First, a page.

This volume, published in 2016 and in an edition with a decent introduction by Mark Goldie, is missing the First Treatise (which attacks theories of absolute monarchy rooted in Adam as the first in his line) and is a bit skimpy on endnotes, but they are sufficiant for a basic understanding of the text.
The second treatise is essential reading for anyone interested in thinking about the inter-grafted nature of the trees of “liberty” and “property” in the 18C, and how their legacy is still with us today (viz. libertarian insistence that the former rights are rooted in the latter).
The First Treatise, and much better notes, can be found in the (far, far pricier) Cambridge edition (Two Treatises of Government), which lacks this volume’s (first) Letter on Toleration, which from the distance of 300 years on reads like a no-brainer: people who profess to different faiths (or who have different colour of hair!) should not have their civil liberties denied them—not even Catholics! He wasn’t so sure about atheists, though, and (surprise, surprise) herein I found no particular mention of slaves….
Those self-styled “conservatives*”, however, who wish to deny that America is a secular nation, will find no succor here, however much they are attempting to rehabilitate this patron saint of 1776 [https://jacobinmag.com/2019/03/john-l…].
Where do human rights “come from”, then? Or, what justifies them? If not the Author of all Creation, then property rights (with Robert Nozick’s attempt to secularize Locke in Anarchy, State, and Utopia), or some etheric, eternal “law of nature”? Dunno. But am easing on down the road to the flying island of Laputa next, to read me some Leibniz and thereby obtain some sorely-needed deets on the best of all possible worlds….
*As Disraeli’s Coningsby exclaims (in Coningsby, or The New Generation) “Conservatism, sure, whatevs, I’m down with that—but what shall we conserve?”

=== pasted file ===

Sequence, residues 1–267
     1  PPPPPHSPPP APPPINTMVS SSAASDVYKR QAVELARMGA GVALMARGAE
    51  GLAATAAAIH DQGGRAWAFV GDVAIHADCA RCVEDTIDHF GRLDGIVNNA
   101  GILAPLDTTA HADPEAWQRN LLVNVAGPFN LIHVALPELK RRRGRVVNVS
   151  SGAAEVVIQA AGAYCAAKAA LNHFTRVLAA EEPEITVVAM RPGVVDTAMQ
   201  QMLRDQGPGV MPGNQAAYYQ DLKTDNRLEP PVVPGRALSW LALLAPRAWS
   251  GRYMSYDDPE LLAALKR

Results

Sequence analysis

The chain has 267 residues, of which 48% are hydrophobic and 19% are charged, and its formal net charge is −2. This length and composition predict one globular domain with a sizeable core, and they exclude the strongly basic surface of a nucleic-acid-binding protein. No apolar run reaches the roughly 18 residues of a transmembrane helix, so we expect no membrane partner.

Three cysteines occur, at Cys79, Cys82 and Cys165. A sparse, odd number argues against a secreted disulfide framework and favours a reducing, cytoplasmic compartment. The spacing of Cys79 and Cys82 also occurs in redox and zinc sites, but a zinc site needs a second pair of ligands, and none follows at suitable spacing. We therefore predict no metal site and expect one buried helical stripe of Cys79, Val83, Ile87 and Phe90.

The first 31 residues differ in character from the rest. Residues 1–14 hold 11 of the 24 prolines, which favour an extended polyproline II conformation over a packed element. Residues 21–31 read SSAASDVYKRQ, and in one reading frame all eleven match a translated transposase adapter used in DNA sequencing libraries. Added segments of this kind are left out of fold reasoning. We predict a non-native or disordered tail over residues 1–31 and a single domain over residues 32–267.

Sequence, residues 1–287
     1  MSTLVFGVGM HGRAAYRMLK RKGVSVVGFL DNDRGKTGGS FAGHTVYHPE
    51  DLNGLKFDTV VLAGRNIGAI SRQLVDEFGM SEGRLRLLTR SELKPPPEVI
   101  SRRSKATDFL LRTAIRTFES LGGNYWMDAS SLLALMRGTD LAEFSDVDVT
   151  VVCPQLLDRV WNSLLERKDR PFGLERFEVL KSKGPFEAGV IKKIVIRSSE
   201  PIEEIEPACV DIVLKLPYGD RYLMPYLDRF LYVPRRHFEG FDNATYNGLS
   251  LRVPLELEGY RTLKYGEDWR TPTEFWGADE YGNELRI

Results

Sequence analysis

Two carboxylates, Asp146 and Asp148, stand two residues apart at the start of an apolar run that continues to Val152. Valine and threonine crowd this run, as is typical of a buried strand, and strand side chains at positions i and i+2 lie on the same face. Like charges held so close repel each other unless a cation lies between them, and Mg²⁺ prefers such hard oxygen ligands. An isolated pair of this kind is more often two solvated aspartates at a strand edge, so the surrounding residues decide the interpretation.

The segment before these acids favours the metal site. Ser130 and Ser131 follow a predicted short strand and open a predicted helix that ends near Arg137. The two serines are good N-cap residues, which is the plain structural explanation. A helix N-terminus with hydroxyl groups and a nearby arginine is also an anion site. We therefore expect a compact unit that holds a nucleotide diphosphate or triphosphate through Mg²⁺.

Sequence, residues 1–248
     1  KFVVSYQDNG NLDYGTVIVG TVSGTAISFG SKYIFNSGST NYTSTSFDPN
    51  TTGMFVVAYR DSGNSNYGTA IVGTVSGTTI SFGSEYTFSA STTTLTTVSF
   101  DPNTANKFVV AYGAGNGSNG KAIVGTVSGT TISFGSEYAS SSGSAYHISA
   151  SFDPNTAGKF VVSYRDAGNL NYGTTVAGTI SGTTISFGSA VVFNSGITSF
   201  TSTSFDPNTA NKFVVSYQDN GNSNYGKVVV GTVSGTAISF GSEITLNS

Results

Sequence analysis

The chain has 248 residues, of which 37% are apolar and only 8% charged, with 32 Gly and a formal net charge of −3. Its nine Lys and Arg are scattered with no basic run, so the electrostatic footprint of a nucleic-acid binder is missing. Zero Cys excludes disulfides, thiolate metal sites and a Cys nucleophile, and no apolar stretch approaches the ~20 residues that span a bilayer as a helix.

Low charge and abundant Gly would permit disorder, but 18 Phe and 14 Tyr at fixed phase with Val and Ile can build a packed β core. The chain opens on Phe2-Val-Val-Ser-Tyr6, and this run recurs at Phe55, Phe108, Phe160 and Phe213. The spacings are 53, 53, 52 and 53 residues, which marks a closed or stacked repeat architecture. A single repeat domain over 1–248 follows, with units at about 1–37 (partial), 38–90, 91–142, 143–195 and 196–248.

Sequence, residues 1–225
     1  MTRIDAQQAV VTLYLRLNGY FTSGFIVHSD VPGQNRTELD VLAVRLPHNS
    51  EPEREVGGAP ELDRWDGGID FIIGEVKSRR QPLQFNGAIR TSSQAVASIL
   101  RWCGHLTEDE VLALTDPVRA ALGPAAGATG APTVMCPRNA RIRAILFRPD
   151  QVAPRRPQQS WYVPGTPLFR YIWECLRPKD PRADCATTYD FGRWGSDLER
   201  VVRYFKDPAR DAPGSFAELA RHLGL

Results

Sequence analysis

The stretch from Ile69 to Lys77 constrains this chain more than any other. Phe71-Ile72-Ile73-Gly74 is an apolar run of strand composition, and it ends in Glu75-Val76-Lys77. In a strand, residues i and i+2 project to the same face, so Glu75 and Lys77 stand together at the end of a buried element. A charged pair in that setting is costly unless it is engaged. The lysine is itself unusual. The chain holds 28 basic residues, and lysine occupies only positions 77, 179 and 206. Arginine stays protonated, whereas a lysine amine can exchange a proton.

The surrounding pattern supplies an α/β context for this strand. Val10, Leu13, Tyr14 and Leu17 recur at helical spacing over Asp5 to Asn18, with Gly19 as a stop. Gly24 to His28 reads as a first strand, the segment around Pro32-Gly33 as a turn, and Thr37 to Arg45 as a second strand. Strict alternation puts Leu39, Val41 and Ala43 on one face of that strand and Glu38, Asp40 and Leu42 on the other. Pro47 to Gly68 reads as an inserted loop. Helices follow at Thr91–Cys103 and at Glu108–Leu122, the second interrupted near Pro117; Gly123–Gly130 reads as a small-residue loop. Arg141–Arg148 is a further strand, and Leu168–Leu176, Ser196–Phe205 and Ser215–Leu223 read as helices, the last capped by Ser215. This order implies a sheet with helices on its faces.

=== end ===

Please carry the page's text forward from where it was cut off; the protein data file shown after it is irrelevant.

From the Introduction:
The continuum between good conduct in individuals and in rulers is visible, Locke holds, if we consider that everyone exercises office, whether a widow governing a household, a constable a village, or a ‘supreme magistrate’ the commonwealth. ‘Office’ pertains to any of our duties, however modest, and office is a trust, it is ‘fiduciary’, exercised on behalf of communities, small and large. When we fail…” (xii)
Staying within our OxPen (Oxford/Penguin) remit, but out of print is the voluminous, 1993 Penguin Classics edition of Locke’s collected Political Writings (ISBN 978-0140433104), which I have not laid eyes on but about which Goodreads has to say:
John Locke’s Second Treatise of Government, c. 1681, is perhaps the key founding liberal text. A Letter Concerning Toleration, written in 1685 (a year when a Catholic monarch came to the throne of England and Louis XVI unleashed a reign of terror against Protestants in France), is a classic defense of religious freedom. Yet many of Locke’s other writings, not least the Constitutions of Carolina, which he helped draft, are almost defiantly anti-liberal in outlook.
This comprehensive collection brings together the main published works (excluding polemical attacks on other people’s views) with the most important surviving evidence from among Locke’s papers relating to his political philosophy. David Wootton’s wide-ranging and scholarly Introduction sets the writings in the context of their time, examines Locke’s developing ideas and unorthodox Christianity, and analyzes his main arguments. The result is the first fully rounded picture of Locke’s political thought in his own words.